I announced in the Government’s housing strategy my intention to tackle social housing fraud and I am today launching a consultation that sets out my proposals in this area. These proposals would increase the deterrent to tenants considering cheating the system, enable those who do to be detected more easily and punished more severely, and encourage social landlords to take a more proactive approach to tackling tenancy fraud. This would free up valuable social homes that can then be allocated to those in greatest need.
There is a clear case for reform. Social housing is an enormously valuable national asset, providing essential support for millions: yet while there are over 1.8 million households on social housing waiting lists, estimates of the number of social homes in England being unlawfully occupied range from 50,000 to 160,000. The National Fraud Authority estimates that tenancy fraud costs £900 million per year. Replacing these unlawfully occupied social homes—to house those who have effectively been displaced by those who commit tenancy fraud—would cost several billion pounds.
Most forms of tenancy fraud are civil matters rather than criminal offences. This means that while abusing a social tenancy can be extremely lucrative, the consequences for those caught breaking the rules tend to be relatively minor—in most proven cases the legal tenant is simply required to give back the keys to a property in which they do not live. Existing legislation does not allow for a criminal prosecution for sub-letting or most other types of tenancy fraud.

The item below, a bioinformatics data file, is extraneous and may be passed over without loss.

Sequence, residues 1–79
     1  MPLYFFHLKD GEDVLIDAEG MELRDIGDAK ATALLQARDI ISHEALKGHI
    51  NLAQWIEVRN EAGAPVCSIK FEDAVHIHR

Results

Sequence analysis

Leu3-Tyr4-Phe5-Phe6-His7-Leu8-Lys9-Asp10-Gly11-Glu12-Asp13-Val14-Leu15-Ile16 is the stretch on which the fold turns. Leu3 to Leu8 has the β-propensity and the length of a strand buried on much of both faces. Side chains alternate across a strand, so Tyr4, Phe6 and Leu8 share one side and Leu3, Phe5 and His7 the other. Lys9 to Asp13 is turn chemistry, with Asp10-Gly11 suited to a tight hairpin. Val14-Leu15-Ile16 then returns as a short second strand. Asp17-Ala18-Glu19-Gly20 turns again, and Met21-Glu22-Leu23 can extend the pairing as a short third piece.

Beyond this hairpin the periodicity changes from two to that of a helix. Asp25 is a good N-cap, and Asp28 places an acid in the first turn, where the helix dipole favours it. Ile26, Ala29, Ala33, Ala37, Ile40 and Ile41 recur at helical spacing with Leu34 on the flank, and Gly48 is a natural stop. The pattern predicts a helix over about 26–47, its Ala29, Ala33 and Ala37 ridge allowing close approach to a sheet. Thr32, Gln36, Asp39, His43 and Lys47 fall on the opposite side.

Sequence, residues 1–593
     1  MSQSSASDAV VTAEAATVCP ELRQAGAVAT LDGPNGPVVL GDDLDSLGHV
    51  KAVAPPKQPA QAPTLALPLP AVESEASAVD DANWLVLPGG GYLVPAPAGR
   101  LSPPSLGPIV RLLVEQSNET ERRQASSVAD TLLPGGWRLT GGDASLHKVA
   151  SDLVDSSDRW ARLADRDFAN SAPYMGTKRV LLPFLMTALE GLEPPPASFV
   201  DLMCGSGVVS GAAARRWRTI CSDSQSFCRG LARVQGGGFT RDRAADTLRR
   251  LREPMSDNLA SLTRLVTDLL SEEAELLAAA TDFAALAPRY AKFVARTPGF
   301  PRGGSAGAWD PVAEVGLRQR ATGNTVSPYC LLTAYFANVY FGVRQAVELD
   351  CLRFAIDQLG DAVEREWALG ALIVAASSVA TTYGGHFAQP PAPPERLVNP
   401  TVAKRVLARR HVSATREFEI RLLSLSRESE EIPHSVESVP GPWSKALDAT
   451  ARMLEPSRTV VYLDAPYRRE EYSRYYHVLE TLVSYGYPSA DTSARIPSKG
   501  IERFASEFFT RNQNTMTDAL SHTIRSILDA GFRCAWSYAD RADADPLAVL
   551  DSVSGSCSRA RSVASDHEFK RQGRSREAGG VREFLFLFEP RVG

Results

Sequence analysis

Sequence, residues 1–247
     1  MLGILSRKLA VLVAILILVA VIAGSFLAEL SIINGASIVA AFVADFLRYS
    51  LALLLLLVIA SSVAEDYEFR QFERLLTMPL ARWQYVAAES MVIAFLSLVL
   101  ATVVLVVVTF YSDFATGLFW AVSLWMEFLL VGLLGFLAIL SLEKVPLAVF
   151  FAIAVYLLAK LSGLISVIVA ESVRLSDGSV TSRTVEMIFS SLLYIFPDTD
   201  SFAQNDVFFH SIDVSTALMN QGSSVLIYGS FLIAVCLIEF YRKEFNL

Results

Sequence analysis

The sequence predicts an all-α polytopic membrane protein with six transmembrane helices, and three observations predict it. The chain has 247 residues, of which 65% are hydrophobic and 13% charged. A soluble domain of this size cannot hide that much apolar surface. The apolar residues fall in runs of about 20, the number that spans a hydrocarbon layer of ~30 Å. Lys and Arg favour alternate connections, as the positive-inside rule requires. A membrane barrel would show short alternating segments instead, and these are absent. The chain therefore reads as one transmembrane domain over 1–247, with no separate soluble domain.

In addition to the lack of an effective deterrent, tenancy fraud investigators argue that they do not have sufficient investigatory powers, meaning that they can only detect a fraction of the homes being unlawfully occupied. Recent Government investment has seen an increase in the number of social homes being recovered, but it is apparent that stronger measures need to be considered.
My proposals would introduce new legislation so that social tenants who abuse their tenancies could be subject to criminal sanctions with a maximum penalty of a £50,000 fine and two years’ imprisonment. They would also allow for any profits made from tenancy fraud to be confiscated, a restitutionary payment to be made to the landlord, and would give local authorities the power to prosecute for matters related to tenancy fraud.
We are also proposing to remove the discretion a court has when it comes to evicting tenants of housing associations who have been proven to have sub-let the whole of their homes. This would bring housing association tenants into line with council tenants. I will also review the “intention to return” defence often used by tenants, which has meant that a tenant can live away from the property for a substantial period of time, sometimes years, and still maintain their tenancy by arguing in court that they intend to return to the home.
These proposals would be in addition to rather than in place of the existing powers social landlords have, and in my view are sensible and practical measures that would rectify the anomalous situation whereby the incentive to cheat the system is so much greater than both the risk of detection and the eventual penalty incurred.